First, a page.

Getting the rails level and straight enough so that there is no twist isn't that big of a deal - and thus 2.5D (carving three dimensional plugs from one orientation) is completely feasible. Back when we made our table out of angle iron (which isn't straight) we came up with a simple adjustable way to straighten it. There are more elegant means now of day; and of course, better extruded profiles to start with in the first place.Ah-hah! That's where we ended up with a headache.
One of the goals of the machine was not just to cut flat sheet but eventually carve mold plugs for the many fiberglass fairings that are to be made. So having something that was reasonably level for that purpose was important to me.
That said, yes, a machine for sheets isn't going to be as critical for flatness now is it? So maybe it's a chicken and egg thing and you have to pick what is more useful at the moment.
Oh, you got my hopes up!I just noticed the CNC in post 31 now says buy one, get one free. So if two of you get together, there's your sub-$3000 kit.
You may be right, but that's not what the "fine" print says. I have sent them an email to clarify.No, indeed that IS buy one get one free! If you add quantity 2 to your cart then you will see the buy one get one free discount when you go to checkout.
I wish I was in a better position to take advantage of this deal...
I've worked on some electronics in the past. Suffice to say, I don't use Chinese designed parts anymore. Though, I'm fine with most things that are designed outside China but are only manufactured there.Having purchased quite a few things from China, remember the old adage TANSTAAFL.... "There ain't no such thing as a free lunch."
The Chinese know how to make money, and that means making your machine as cheap as they possibly can. Most likely you'll find this show up in the wiring and electronics and will be in for a real surprise when the smoke starts to escape. I know this from personal experience and it has really cost me a lot of time and money. Especially compared to my old US made ShopBot that wasn't fast or rigid but was dirt simple and very reliable.
So from my experience buying equipment from China is like trying to use a auto engine in an airplane. Plan on a lot of tinkering to get it to work right. And what looks like a good deal when you start will almost inevitably cost you more in the end.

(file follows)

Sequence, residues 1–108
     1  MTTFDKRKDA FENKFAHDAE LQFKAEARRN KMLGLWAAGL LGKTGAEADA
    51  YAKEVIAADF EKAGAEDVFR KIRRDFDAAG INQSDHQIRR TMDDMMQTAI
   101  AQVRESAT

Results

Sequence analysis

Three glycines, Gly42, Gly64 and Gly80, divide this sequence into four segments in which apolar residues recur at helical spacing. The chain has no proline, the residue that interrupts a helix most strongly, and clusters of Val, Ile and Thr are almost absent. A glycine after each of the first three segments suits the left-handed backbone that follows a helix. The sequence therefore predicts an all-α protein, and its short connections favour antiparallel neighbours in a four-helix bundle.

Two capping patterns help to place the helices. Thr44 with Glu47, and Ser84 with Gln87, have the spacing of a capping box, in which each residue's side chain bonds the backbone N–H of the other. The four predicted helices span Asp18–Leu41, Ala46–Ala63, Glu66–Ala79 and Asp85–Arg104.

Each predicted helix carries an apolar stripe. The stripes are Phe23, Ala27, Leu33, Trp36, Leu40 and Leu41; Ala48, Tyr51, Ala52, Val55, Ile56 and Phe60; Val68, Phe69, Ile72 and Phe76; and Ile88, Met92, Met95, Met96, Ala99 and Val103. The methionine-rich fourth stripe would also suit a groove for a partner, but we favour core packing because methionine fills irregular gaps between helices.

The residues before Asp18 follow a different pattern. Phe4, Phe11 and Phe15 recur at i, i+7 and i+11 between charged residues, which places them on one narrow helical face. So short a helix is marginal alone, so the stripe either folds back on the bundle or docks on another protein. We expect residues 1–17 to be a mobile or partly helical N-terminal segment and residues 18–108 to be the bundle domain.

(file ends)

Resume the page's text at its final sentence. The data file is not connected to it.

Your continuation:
(have owned CNC routers for the last 15 years)
And that's how they hurt themselves. Sometimes, an otherwise well designed product is messed up by poor manufacturing simply to save on costs.If one got a cheapo chinese router that nonetheless had solid enough framework and only needed re-done electricals... that's what, maybe $1500 if you redo all of it with moderately good steppers and a g540?
I'm more inclined to say build one from scratch but its would br kinda nice to have the frame squared amd ready to plug into...
The CNCRP kits look close to that but there's still lots of bolts and squaring and assembly work to them.
Why don't you ask "how could the time and money spent on buying a TIG welder, and learning how to use it properly, possibly benefit us as homebuilders?" The same could be asked about composites....how could any CNC machines and the required computer hardware, software and programming skills and time possibly benefit us as homebuilders?
I once bought a new small Tucumseh engine for a go kart I made for my kids, it was very cheap and it was a total piece of crap (true story) - so following your lead, everything made in America must be rubbish!Having purchased quite a few things from China, remember the old adage TANSTAAFL.... "There ain't no such thing as a free lunch."
The Chinese know how to make money, and that means making your machine as cheap as they possibly can.
For the most part, I agree.I once bought a new small Tucumseh engine for a go kart I made for my kids, it was very cheap and it was a total piece of crap (true story) - so following your lead, everything made in America must be rubbish!
Now we all know that's not true of course, America indeed makes some crap, but they also make lots of medium level quality and of course, they also make lots of the finest quality stuff in the World.
And so do the Chinese. Oh yes they do.
While some will buy a $500 Chinese built machine against a $1000 American machine and take their chances, if you have a choice between a $1000 Chinese and $1000 American, you will take the American one all day long. Point is there is no market for those medium and fine quality Chinese machines outside of Asia, so all you see in your market is the cheap stuff.
Unless you have a specific one time use or short life cycle for it or as some suggest, willing to make improvements, don't buy cheap crap - which country it is made in has nothing to do with it, you are the Consumer and the decision is solely yours.